This simple three-step strategy is easy to teach to children. Make or buy a small drawing of a traffic signal and fill in the colors of the signal. With older children, just a mental image of a traffic signal will do. This procedure needs to be continually practiced until it becomes habitual. The next time the youngster allows emotions to direct behavior, your first action should be to hold up a picture of the traffic signal. Trying to reason or impose consequences means nothing to a person in a highly emotional state. Using a procedure is significantly more successful than threatening or punishing—and is less stressful on both parties. 

Even very young people can learn that, although emotions and thoughts cannot be stopped from erupting, growth and maturation come according to how people respond to them. The more an emotion such as anger is responded to with a procedure, the less will be both its frequency and intensity. It is very important to understand that you cannot prevent an emotion. Telling someone not to have an emotion is useless. Instead, redirect the thinking, and because attention is now elsewhere, so is the previous emotion.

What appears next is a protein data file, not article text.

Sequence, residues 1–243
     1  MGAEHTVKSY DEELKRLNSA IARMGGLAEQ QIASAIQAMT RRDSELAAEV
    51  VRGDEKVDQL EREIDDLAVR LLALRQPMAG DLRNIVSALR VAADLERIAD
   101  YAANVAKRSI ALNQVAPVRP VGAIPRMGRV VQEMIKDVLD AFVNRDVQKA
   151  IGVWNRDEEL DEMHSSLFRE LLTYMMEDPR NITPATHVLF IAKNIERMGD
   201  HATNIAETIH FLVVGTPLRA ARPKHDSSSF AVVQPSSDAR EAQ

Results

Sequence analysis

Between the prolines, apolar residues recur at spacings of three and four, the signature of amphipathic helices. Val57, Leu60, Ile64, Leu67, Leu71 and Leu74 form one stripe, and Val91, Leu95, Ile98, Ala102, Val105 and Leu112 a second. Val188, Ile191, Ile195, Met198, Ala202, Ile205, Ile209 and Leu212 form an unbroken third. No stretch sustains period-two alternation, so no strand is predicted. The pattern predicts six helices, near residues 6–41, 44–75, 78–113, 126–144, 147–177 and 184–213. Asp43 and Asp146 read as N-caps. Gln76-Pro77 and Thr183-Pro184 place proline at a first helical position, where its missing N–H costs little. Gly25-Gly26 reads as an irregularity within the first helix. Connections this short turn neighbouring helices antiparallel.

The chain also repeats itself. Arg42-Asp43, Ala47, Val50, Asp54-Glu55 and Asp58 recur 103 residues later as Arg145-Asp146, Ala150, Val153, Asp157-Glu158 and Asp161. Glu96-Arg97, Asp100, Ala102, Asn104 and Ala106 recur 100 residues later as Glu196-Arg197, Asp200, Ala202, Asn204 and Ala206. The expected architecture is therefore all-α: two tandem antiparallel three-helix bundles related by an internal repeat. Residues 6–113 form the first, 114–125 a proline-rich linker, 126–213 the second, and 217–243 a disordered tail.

Replace Rules with Responsibilities

Granted, when you start promoting responsibility and procedures rather than announcing rules, you will feel odd or funny at first because it will be so different from your usual approach. But soon you and your youngster will realize more satisfaction by taking personal responsibility instead of relying on someone else’s rules to dictate behavior. Rules subconsciously tell the child, “I have to enforce rules to take care of you because you can’t do it for yourself.” As a result, the child’s self-esteem is compromised. However, when parents foster responsibilities by teaching procedures, they communicate to the child, “I am here for you if you need me, and I have faith that you can make the right decisions.” That’s when the child learns to behave in a more autonomous, responsible way.

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  1. This was helpful

Dr. Marvin Marshall
P.O. Box 2227
Los Alamitos, CA 90720
Phone: 714.220.1882
marv@marvinmarshall.com
Piper Press